here ya go...
-Crete : the forerunner of Greece (1911) by Charles Henry HawesAnthropologists are inclined to the view that the Neolithic people of Crete were immigrants, and probably came from North Africa, but the time of their coming cannot even be surmised. Knossos and Phaestos both have Neolithic settlements beneath the Minoan ; and other sites in the south and east of Crete are known to antedate metal.
-Myths of Crete & Pre-Hellenic EuropeThe Neolithic folks, who came into contact with the remnants of the PalŠolithic races in various parts of Europe, were representatives of the widespread Mediterranean or Brown Race. They were men of medium stature, with long heads and high but narrow foreheads, refined faces, dark eyes and hair, and slim bodies.
Their brunette complexions suggest that their area of characterization was on the North African coast. Some ethnologists incline to the view that the homeland of this stock was Somaliland, the Punt of the Egyptian records, which, like Arabia, favoured the production of a larger population than it was capable of sustaining permanently.
By Donald A. Mackenzie
The Pelasgic empire was at its meridian as early as 2500 B. C. This people came from the islands of the AEgean, and more remotely from Asia Minor. They were originally a branch of the sunburnt Hamitic stock, that laid the basis of civilization in Canaan and Mesopotamia, destined later to be Semitized. . . . Rome itself was Pelasgian from the fourteenth century to 428 B. C. But in Italy and Greece the Hamitic stock was displaced and absorbed by Aryan, as in Asia it had been by Semitic.The Hellenes were the Aryans first to be brought into contact with these sunburnt Hamites, who, let it be remembered, though classed as whites, were probably as strongly Negritic as are the Afro-Americans. These Hellenes were savages or barbarians. But Aryan strength and energy were thus brought into contact with Hamitic culture. Then occurred that great struggle of centuries for social equality between the blond Aryan and the Pelasgian, the dark child of the soil.-THE NEGRO'S PLACE IN HISTORY(1896)Had it not been for that mixture of dark blood in the Greek composition, that race of poets, artists, and philosophers would never have existed.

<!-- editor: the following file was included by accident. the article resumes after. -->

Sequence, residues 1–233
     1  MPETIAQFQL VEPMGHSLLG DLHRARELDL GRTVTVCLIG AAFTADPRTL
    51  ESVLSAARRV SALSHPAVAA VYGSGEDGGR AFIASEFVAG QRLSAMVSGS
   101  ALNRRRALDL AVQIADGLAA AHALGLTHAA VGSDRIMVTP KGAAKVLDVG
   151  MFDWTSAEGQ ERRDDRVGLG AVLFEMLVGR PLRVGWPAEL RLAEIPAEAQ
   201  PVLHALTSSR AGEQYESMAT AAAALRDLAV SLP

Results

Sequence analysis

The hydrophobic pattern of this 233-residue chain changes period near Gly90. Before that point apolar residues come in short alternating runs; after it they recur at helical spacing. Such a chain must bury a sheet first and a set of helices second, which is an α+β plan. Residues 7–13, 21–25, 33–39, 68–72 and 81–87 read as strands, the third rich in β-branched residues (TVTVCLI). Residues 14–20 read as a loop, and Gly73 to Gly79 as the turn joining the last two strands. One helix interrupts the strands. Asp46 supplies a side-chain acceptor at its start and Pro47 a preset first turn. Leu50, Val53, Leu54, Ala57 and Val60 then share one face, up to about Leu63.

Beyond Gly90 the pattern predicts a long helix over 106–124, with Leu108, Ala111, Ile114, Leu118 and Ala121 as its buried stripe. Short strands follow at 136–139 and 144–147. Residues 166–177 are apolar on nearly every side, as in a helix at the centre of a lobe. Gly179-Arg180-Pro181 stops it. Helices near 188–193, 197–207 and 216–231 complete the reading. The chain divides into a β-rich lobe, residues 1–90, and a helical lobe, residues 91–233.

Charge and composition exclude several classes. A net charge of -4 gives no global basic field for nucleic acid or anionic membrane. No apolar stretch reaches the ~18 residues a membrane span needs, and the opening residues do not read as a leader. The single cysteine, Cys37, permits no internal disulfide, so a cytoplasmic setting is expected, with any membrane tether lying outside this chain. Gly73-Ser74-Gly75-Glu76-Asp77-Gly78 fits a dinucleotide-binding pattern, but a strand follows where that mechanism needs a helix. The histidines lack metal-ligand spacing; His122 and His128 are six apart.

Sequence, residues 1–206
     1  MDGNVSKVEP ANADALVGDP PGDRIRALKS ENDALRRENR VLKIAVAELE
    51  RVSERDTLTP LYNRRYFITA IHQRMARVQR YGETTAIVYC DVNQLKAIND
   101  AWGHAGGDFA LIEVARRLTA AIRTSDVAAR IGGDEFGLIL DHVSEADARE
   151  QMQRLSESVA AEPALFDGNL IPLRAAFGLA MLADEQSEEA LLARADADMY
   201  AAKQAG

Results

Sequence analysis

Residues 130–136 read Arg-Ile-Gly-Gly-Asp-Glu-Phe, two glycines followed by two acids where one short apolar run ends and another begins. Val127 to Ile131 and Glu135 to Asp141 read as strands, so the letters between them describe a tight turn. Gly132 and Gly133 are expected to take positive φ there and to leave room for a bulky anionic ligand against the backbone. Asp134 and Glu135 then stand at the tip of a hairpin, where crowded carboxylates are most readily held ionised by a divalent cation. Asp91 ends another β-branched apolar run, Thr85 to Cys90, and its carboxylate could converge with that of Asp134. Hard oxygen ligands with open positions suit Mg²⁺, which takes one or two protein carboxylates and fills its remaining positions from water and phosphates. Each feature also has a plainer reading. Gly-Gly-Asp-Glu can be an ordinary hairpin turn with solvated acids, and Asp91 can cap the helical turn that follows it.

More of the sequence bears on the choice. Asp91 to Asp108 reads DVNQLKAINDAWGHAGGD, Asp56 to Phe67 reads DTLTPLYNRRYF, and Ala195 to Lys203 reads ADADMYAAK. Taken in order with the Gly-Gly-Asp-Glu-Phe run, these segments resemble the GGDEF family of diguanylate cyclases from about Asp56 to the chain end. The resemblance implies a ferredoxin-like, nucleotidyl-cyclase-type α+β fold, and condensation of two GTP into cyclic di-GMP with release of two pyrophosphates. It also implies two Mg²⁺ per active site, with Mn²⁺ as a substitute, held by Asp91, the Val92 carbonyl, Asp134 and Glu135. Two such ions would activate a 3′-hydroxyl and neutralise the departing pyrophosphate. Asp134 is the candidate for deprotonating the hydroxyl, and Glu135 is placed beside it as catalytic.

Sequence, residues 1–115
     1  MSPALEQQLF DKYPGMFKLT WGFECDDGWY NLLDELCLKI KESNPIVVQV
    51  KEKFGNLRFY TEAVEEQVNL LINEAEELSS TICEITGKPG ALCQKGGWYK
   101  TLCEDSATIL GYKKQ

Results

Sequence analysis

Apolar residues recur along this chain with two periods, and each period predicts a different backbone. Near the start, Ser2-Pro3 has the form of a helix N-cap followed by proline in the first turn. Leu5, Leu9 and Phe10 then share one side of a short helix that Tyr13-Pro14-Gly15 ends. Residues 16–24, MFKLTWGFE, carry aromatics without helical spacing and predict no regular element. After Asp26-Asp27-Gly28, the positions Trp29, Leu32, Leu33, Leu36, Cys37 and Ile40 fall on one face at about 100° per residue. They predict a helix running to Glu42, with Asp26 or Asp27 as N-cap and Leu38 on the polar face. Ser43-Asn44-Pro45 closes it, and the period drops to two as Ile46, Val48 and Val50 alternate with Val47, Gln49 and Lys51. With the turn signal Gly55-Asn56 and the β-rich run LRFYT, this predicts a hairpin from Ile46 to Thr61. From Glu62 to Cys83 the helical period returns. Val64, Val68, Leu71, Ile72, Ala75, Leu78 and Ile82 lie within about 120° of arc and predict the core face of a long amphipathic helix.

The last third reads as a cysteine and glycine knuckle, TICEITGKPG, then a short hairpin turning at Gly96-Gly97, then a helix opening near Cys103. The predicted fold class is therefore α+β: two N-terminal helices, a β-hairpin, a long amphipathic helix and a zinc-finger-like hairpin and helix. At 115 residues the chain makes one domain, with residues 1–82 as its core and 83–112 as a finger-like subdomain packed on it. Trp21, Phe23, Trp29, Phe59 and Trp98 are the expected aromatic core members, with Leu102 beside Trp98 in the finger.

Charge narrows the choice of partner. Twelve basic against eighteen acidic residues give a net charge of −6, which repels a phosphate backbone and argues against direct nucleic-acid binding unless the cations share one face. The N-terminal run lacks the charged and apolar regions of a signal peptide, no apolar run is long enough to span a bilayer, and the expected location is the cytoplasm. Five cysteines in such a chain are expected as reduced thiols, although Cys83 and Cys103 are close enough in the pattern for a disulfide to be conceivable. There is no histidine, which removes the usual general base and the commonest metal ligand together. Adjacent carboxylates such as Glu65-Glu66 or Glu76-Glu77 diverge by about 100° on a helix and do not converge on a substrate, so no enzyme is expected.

BY PROF. WILLIS BOUGHTON OF OHIO STATE UNIVERSITY
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